As a visual effect artist, Muqeem Khan’s motion picture credits with Walt Disney and Square USA are Deep Rising, George of the Jungle, Flubber, Armageddon and Final Fantasy. He holds a Master of Arts and Bachelor of Science in Industrial Design from Ohio State University, Columbus, Ohio. Besides teaching interactive design, graphic design, interior design and concepts for emerging technologies at Virginia Commonwealth University and Northwestern University in Qatar, Khan has been teaching predominantly 2D/3D animation classes for over 12 years in the Arabian Gulf region. He has also served as a member of the technical committee for The International Association of Science and Technology Development (IASTED), Alberta, Canada. Khan strongly thinks that a creative individual should be searching, isolating, managing and manipulating the methodologies of multiple knowledges. In his current doctoral research, he is looking at capturing and analyzing indigenous body movements and their repeated patterns for serious gaming environment. He is pursuing this goal with the use of procedural animation and motion detecting technologies in the context of Intangible Cultural Heritage (ICH). Beside filmmaking and other creative genres such as poetry, calligraphy and painting, Khan also loves music and as a percussionist, he has been performing Tabla with various musicians around the world. His animations and mixed reality experimentations can be seen at: muqeemkhan.com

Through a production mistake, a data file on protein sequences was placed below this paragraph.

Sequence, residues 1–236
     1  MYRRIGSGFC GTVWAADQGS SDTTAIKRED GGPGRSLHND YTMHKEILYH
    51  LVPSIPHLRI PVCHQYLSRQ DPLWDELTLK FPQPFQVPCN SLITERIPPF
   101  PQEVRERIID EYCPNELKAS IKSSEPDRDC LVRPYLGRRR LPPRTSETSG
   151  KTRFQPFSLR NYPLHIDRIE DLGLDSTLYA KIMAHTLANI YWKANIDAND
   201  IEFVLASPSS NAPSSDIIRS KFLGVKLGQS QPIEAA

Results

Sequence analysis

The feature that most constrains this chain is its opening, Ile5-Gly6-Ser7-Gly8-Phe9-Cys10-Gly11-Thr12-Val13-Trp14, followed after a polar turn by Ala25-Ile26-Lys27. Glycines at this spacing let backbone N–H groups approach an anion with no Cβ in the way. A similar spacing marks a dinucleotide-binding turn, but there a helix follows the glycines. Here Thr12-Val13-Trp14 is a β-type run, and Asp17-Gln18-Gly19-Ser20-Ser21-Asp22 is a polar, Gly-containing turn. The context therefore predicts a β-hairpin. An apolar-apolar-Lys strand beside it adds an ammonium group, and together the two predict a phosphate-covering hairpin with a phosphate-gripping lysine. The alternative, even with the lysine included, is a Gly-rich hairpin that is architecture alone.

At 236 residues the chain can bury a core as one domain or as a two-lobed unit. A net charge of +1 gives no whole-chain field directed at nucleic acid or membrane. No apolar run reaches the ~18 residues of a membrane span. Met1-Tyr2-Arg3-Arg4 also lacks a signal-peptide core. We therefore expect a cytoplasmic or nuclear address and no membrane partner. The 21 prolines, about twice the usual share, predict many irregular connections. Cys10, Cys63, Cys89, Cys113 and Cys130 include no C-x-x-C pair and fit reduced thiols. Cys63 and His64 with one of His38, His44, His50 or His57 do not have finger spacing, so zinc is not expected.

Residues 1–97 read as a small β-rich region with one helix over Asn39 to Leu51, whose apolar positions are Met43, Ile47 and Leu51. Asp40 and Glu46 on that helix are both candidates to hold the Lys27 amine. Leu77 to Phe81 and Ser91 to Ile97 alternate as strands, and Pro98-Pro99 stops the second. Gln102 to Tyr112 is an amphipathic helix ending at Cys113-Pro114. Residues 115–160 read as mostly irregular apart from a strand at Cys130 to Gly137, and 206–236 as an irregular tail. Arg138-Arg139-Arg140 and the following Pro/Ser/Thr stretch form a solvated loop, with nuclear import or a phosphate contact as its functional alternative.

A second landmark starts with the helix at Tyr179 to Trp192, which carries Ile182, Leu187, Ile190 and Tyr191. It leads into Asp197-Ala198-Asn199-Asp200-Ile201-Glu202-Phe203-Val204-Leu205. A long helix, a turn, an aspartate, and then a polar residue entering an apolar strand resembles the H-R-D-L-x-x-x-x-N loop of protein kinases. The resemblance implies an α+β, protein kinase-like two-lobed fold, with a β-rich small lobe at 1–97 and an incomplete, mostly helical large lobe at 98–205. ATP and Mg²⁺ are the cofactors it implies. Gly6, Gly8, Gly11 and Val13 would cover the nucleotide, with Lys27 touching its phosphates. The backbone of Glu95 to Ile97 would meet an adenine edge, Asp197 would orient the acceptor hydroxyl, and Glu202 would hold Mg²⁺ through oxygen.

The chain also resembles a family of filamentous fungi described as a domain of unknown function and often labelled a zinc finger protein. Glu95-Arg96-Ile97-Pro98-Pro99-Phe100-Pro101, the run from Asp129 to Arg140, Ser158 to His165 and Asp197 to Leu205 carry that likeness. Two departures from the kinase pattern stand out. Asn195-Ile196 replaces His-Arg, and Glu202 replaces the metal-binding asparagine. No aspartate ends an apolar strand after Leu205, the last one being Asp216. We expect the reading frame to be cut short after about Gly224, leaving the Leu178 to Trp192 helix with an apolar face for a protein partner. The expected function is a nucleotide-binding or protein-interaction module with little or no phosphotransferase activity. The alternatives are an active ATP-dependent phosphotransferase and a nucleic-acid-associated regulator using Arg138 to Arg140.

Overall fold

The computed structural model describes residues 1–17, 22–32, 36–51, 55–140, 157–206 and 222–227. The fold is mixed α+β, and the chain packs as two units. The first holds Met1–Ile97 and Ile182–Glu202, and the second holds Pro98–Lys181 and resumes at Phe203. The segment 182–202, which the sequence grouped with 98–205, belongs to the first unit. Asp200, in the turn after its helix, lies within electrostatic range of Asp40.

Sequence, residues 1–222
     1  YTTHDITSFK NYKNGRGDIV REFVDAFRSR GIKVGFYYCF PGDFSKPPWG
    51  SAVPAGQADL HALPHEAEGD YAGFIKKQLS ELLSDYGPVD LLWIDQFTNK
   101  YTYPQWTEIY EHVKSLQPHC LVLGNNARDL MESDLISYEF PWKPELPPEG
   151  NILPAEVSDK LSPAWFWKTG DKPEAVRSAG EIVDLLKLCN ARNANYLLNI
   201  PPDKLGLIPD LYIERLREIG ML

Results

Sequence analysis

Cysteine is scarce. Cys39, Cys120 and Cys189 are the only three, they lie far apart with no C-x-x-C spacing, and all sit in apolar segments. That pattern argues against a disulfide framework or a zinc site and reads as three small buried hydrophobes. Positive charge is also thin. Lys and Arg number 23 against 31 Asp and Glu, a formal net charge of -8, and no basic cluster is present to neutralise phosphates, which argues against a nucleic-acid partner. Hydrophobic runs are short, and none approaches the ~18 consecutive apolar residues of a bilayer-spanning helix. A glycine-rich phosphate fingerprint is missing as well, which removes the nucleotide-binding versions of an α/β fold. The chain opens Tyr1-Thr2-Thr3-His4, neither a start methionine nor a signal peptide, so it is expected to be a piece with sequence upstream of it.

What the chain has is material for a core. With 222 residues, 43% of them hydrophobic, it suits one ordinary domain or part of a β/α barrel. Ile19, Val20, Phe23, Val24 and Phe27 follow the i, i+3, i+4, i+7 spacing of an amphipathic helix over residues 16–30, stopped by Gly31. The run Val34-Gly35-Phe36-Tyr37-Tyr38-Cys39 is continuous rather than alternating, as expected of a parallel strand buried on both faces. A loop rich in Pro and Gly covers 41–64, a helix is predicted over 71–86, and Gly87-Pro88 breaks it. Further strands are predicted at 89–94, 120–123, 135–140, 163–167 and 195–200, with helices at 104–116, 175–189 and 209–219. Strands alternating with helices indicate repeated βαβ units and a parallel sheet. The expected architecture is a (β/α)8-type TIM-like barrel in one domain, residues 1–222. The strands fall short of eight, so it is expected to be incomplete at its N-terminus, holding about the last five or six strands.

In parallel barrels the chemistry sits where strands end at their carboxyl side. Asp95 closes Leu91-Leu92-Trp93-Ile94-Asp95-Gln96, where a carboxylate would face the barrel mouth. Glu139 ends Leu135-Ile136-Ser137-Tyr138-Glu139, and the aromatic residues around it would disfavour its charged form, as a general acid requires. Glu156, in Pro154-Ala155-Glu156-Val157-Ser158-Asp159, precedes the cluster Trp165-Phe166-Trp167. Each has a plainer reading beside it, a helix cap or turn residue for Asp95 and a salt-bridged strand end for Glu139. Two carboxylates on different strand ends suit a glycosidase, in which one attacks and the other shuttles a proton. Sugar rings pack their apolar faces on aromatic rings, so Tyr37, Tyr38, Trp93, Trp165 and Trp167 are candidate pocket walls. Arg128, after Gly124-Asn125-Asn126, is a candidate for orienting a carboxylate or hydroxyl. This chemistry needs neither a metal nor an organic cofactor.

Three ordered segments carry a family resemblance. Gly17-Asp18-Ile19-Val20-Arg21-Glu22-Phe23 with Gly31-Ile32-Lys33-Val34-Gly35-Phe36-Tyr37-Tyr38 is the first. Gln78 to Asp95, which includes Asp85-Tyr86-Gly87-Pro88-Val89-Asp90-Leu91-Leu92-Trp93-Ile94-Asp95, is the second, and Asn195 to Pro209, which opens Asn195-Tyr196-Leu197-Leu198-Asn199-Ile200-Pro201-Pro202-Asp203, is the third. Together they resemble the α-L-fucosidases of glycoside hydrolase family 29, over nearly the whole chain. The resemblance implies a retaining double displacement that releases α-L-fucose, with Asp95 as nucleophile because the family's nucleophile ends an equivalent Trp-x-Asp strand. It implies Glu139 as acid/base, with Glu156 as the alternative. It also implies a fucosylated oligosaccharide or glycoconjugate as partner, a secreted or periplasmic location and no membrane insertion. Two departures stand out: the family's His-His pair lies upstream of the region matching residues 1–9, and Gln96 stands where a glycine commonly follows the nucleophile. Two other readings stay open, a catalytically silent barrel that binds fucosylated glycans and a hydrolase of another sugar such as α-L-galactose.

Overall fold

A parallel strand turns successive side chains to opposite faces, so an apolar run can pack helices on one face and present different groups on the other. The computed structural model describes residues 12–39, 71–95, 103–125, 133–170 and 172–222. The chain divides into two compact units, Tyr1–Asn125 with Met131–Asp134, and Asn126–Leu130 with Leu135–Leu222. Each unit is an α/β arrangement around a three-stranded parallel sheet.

“film” is an amazing collage of condensed or stretched time;
“arts and design” are organized visual thoughts in a static or dynamic form. Their boundaries are extremely porous. One could be more inclined towards emotionalism “art” and the other could be more expressive of pragmatism “design”; and it is a purposeful, systematic and creative activity. An “art” is an expression, self-realization or interpretation of the surrounding; it is screaming in an abstract manner;
“music” is an organized way of feeling an auditory sense. It is a predictable and pleasurable activity for auditory senses. This concept is more explanatory in the context of rhythm where we could predict a well-defined pattern and maybe as fast as a nanosecond. Possibly this neno-recognition satisfies human desire to predict the future. Hence music may be called an "Auditory Nano-Recognition";
“technology” is a ubiquitous transporter of human evolution.